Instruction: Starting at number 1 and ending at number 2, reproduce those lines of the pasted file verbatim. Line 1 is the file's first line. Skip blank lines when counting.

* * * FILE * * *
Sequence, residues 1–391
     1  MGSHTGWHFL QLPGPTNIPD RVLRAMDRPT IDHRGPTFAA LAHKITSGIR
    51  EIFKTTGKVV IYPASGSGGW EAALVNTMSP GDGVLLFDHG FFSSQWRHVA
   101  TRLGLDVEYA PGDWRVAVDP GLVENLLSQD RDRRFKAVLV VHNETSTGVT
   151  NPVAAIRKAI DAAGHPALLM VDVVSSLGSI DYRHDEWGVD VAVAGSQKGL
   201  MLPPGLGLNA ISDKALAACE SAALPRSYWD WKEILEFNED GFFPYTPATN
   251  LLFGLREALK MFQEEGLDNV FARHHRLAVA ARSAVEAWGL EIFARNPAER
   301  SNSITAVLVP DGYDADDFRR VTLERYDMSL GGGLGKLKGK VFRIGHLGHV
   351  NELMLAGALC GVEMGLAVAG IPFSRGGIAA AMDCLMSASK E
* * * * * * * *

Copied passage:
Sequence, residues 1–391
     1  MGSHTGWHFL QLPGPTNIPD RVLRAMDRPT IDHRGPTFAA LAHKITSGIR